agencies.



Major PR firms have been falling over each other to introduce new

measurement tools this year. Horn's firm, for example, hired a director

of research to help document results for clients. "It's all about making

sure that whatever you are doing is helping the company achieve its

business goals," says Horn. "People just weren't focused on it before. I

don't know if it would have prevented any of this from happening, but

people sure are paying a lot of attention to it right now."



Keeping spirits high



Another area firms need to pay attention to is employee morale. Layoffs,

consolidation, and the resulting disappearance of longtime PR firm names

spells unsettled employees. Add the impact of September 11, and "all of

a sudden, you have a lot of frustrations that you have to help your

people understand and work through," says Ryan.



At Fleishman, "we've tried to over-communicate to our employees," says

Graham. He's done webcasts with senior managers along with company-wide

phone conferences. The agency also encourages local managers to talk

directly with their staffs. "All the principles of internal

communications say the best communication is from a direct supervisor,"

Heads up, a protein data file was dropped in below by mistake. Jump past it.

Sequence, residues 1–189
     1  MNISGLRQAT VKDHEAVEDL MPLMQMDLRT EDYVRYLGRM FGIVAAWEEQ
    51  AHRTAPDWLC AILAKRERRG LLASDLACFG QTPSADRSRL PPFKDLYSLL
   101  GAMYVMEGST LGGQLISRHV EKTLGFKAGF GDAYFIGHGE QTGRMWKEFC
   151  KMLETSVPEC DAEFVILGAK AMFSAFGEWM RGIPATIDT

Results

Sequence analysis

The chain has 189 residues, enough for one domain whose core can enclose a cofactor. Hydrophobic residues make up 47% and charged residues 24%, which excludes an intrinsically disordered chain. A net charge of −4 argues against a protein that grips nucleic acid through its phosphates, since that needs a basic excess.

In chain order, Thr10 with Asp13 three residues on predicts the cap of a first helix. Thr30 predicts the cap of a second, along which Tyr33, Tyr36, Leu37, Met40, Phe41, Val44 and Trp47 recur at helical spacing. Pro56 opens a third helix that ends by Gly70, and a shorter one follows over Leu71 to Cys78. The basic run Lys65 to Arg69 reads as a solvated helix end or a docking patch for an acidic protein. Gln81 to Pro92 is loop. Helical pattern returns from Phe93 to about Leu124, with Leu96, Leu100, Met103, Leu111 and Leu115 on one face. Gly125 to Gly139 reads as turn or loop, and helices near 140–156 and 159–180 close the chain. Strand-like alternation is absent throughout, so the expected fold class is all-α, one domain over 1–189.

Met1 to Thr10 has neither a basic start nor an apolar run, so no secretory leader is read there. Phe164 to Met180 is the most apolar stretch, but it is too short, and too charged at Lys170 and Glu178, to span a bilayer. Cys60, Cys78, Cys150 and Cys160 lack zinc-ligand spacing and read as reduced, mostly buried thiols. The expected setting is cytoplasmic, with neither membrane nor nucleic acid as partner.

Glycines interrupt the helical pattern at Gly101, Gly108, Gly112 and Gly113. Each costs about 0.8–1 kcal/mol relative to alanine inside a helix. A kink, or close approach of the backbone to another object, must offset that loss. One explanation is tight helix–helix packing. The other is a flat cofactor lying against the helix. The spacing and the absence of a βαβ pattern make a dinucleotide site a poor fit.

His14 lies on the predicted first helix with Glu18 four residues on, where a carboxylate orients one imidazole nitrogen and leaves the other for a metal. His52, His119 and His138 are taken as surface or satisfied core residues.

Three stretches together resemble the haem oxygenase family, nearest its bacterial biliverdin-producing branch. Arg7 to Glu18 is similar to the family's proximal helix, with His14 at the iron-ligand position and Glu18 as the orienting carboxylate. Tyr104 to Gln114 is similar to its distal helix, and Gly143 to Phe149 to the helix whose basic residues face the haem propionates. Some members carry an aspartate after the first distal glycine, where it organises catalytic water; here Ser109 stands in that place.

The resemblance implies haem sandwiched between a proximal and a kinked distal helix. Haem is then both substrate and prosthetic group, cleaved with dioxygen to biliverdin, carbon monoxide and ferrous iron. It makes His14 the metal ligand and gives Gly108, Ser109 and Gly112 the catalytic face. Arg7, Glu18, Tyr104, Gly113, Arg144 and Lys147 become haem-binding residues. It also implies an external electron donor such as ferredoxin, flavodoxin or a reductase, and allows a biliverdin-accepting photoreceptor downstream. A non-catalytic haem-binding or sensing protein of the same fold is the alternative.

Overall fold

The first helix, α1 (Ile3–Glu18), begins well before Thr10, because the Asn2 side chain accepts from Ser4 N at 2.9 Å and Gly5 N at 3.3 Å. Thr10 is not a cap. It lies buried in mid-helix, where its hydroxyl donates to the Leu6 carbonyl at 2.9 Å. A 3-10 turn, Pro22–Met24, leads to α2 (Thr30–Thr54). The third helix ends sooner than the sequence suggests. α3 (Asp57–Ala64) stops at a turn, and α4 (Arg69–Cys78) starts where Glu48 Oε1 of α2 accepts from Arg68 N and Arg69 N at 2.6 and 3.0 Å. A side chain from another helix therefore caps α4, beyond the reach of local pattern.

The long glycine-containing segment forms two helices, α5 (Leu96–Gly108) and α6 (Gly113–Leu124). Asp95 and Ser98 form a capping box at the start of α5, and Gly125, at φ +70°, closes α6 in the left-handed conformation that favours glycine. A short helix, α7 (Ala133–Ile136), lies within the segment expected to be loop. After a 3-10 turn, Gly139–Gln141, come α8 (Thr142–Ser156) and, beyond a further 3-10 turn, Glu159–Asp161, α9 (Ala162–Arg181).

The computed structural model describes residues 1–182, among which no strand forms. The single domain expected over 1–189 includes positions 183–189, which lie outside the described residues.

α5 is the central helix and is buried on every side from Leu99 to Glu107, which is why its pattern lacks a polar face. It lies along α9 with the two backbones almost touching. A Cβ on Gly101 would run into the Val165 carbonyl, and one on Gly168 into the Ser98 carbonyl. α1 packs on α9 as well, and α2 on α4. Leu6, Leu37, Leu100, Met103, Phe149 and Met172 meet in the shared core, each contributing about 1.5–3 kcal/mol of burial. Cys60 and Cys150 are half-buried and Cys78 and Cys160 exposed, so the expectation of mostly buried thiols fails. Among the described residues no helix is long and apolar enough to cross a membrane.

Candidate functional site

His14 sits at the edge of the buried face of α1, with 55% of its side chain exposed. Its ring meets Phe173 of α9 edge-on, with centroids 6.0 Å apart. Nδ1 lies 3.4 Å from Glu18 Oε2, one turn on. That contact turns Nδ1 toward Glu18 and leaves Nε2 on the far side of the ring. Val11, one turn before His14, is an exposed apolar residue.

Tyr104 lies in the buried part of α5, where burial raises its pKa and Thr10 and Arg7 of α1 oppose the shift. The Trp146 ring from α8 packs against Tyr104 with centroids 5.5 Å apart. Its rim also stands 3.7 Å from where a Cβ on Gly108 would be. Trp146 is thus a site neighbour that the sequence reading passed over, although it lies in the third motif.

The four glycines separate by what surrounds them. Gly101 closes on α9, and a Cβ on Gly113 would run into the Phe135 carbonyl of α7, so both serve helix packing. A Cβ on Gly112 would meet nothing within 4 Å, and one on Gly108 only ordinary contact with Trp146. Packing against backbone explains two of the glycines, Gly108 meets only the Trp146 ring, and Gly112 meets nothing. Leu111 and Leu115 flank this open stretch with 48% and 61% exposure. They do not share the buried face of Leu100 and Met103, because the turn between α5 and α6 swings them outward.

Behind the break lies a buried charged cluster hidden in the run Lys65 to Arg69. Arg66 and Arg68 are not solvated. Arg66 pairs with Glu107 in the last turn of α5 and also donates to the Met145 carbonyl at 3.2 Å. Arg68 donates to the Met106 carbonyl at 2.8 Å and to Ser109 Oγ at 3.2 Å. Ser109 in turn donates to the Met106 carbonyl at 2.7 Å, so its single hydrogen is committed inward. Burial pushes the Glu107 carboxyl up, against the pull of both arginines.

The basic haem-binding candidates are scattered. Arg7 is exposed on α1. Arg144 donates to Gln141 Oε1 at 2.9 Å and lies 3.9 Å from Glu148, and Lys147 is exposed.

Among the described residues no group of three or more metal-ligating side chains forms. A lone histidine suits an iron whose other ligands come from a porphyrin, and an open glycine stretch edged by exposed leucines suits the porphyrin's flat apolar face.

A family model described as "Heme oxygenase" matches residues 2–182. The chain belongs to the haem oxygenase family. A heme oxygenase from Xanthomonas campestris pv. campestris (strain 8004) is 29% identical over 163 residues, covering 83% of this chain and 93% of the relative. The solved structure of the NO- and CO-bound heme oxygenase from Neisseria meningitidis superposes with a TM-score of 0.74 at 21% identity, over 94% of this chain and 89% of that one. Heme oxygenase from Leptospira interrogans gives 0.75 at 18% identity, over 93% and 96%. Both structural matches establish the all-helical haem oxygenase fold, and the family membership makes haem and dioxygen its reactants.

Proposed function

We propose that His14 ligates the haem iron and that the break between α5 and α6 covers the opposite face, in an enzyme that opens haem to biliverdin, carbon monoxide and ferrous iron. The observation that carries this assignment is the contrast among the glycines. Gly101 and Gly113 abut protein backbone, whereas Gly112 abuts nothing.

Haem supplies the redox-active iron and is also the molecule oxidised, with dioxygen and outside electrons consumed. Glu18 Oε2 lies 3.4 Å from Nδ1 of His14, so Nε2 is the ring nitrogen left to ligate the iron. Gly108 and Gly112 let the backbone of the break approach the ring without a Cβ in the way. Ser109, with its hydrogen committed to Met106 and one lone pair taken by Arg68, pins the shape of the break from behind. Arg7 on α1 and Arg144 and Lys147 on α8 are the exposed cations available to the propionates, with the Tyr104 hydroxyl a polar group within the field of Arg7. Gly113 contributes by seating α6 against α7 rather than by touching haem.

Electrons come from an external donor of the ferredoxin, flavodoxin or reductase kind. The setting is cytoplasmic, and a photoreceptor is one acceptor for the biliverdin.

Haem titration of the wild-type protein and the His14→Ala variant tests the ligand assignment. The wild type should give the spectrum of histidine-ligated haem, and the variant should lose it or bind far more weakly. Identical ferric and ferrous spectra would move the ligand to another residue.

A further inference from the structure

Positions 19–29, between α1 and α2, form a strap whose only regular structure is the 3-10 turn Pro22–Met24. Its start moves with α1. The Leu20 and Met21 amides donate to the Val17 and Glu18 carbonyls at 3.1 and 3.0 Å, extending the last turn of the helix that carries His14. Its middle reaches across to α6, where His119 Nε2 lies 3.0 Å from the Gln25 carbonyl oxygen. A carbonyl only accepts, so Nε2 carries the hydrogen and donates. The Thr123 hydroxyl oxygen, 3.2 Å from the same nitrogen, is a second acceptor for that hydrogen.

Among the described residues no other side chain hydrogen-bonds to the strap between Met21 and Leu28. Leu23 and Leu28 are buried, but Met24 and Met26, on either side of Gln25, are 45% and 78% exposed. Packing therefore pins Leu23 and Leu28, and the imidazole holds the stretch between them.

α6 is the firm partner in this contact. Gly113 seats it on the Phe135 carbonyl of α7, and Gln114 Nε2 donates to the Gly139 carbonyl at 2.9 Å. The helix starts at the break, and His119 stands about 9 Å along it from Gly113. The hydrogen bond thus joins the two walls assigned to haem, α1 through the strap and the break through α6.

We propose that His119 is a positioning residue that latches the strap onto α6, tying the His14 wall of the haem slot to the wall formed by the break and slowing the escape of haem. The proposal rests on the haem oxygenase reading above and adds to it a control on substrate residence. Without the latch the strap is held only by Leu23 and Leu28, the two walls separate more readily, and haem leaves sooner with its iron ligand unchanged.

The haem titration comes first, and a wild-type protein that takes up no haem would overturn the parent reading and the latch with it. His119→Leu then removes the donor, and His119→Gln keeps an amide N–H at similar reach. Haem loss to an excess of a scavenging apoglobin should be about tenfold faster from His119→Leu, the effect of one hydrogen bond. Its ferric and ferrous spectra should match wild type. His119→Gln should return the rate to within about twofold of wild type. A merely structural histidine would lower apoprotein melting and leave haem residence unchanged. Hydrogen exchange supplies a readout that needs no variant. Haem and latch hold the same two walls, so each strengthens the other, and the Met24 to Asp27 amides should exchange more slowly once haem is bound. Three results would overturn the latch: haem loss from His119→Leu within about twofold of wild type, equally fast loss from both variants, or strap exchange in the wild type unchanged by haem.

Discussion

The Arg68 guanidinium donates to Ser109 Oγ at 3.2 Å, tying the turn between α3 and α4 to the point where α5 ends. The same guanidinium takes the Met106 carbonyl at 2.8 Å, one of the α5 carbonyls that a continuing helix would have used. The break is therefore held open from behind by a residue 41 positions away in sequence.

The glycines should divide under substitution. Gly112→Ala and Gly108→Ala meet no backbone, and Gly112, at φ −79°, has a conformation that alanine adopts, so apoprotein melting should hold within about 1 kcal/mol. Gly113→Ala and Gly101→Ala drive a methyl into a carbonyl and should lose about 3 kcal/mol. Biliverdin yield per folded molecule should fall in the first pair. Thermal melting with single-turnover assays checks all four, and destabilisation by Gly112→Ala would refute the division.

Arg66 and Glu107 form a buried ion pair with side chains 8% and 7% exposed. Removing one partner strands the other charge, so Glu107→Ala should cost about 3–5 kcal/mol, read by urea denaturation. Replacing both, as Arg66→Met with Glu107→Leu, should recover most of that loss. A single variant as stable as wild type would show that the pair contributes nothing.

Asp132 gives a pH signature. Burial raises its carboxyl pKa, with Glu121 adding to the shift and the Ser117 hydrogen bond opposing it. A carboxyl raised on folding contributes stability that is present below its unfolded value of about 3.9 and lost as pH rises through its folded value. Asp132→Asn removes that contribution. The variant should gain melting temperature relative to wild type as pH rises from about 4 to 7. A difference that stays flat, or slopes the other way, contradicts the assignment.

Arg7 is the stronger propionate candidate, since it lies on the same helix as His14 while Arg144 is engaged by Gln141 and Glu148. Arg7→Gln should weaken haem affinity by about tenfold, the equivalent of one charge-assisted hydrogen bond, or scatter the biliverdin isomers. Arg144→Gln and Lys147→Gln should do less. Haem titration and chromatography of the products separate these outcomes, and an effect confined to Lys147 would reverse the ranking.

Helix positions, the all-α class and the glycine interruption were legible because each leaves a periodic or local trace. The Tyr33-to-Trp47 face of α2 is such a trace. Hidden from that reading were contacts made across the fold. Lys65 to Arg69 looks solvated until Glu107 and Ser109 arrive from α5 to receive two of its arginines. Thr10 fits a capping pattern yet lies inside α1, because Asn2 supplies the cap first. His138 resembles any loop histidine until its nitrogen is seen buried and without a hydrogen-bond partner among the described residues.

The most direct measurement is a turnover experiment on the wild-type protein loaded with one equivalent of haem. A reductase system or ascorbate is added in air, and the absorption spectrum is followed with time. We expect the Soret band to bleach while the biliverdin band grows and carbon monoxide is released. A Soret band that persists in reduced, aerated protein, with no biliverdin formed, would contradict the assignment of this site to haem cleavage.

Graham explains.



Golin's New York office hosted a conference call with a trauma disorder

expert for other agency offices. Furthermore, employees have been

encouraged to get involved with client fundraising efforts for families

of September 11 victims, as well as other volunteer work. "There's a lot

of energy for involvement," says Jernstedt.



The business is dealing with a generation of PR people who haven't lived

through a recession before, let alone a recession worsened by

terrorism.



"The challenge from a people standpoint is to keep people motivated and

the morale up," says Ryan.



That could become the biggest challenge the industry faces next

year.



Sure, there will be the need to hold expenses in check while looking for

new sources of business, but that sort of hard work and pavement

pounding can only be done effectively by a motivated workforce. The

hardest job PR firms face in 2002 may be keeping their own houses in

order while they try to convince clients of their worth.



"It doesn't mean we can't be optimistic and even aggressive," says

Jernstedt, "but I think it will be tempered with the reality of the past

year."